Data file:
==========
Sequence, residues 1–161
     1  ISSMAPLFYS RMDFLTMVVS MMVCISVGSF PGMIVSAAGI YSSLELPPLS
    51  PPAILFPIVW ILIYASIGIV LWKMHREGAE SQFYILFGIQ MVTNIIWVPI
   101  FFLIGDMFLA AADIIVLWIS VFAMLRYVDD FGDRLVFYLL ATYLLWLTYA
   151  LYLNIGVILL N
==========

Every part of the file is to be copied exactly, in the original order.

Sequence, residues 1–161
     1  ISSMAPLFYS RMDFLTMVVS MMVCISVGSF PGMIVSAAGI YSSLELPPLS
    51  PPAILFPIVW ILIYASIGIV LWKMHREGAE SQFYILFGIQ MVTNIIWVPI
   101  FFLIGDMFLA AADIIVLWIS VFAMLRYVDD FGDRLVFYLL ATYLLWLTYA
   151  LYLNIGVILL N